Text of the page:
Format

Send to

Choose Destination
See comment in PubMed Commons below
Proc Natl Acad Sci U S A. 2012 Jan 24;109(4):1176-81. doi: 10.1073/pnas.1112041109. Epub 2012 Jan 6.

Extensive chromosomal variation in a recently formed natural allopolyploid species, Tragopogon miscellus (Asteraceae).

Author information

  • 1Department of Biology, University of Florida, Gainesville, FL 32611, USA.

Abstract

Polyploidy, or whole genome duplication, has played a major role in the evolution of many eukaryotic lineages. Although the prevalence of polyploidy in plants is well documented, the molecular and cytological consequences are understood largely from newly formed polyploids (neopolyploids) that have been grown experimentally. Classical cytological and molecular cytogenetic studies both have shown that experimental neoallopolyploids often have meiotic irregularities, producing chromosomally variable gametes and progeny; however, little is known about the extent or duration of chromosomal variation in natural neoallopolyploid populations. We report the results of a molecular cytogenetic study on natural populations of a neoallopolyploid, Tragopogon miscellus, which formed multiple times in the past 80 y. Using genomic and fluorescence in situ hybridization, we uncovered massive and repeated patterns of chromosomal variation in all populations. No population was fixed for a particular karyotype; 76% of the individuals showed intergenomic translocations, and 69% were aneuploid for one or more chromosomes. Importantly, 85% of plants exhibiting aneuploidy still had the expected chromosome number, mostly through reciprocal monosomy-trisomy of homeologous chromosomes (1:3 copies) or nullisomy-tetrasomy (0:4 copies). The extensive chromosomal variation still present after ca. 40 generations in this biennial species suggests that substantial and prolonged chromosomal instability might be common in natural populations after whole genome duplication. A protracted period of genome instability in neoallopolyploids may increase opportunities for alterations to genome structure, losses of coding and noncoding DNA, and changes in gene expression.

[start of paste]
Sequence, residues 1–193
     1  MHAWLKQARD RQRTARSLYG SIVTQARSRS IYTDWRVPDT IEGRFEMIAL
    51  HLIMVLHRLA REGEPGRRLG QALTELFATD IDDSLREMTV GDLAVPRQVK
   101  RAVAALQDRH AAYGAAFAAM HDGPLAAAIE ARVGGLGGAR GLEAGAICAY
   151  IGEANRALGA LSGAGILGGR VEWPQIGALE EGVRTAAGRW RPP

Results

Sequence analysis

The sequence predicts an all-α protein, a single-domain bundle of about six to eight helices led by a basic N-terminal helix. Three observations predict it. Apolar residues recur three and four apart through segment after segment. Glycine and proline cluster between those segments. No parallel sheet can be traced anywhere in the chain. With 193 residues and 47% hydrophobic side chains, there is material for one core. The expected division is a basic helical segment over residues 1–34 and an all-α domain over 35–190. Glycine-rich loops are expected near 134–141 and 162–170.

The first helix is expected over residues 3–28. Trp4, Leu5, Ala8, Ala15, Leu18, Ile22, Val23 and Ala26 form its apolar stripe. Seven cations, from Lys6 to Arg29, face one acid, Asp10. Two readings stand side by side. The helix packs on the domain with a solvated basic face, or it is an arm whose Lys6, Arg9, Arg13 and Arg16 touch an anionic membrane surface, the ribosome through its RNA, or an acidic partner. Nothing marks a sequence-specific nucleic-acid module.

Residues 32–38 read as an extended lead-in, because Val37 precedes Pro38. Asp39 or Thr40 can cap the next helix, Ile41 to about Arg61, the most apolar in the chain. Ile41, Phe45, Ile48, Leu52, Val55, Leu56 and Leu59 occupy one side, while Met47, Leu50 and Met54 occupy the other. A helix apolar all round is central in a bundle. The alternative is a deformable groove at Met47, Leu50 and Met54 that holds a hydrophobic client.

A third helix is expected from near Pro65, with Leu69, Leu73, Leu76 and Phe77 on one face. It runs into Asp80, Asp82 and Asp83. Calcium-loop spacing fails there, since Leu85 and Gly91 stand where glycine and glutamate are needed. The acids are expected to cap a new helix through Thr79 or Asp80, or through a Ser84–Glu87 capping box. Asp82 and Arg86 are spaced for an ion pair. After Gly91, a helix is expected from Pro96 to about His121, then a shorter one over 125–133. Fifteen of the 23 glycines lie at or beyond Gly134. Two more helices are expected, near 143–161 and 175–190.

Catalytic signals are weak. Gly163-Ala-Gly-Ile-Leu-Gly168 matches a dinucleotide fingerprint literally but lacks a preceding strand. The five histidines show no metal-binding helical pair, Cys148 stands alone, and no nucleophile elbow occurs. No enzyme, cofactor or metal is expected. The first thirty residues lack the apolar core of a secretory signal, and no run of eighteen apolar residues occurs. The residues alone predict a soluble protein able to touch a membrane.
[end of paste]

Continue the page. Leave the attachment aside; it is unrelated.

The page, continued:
[PubMed - indexed for MEDLINE]
Free PMC Article
PubMed Commons home

PubMed Commons

0 comments
How to join PubMed Commons

    Supplemental Content

    Full text links

    Icon for HighWire Icon for PubMed Central
    Loading ...
    Write to the Help Desk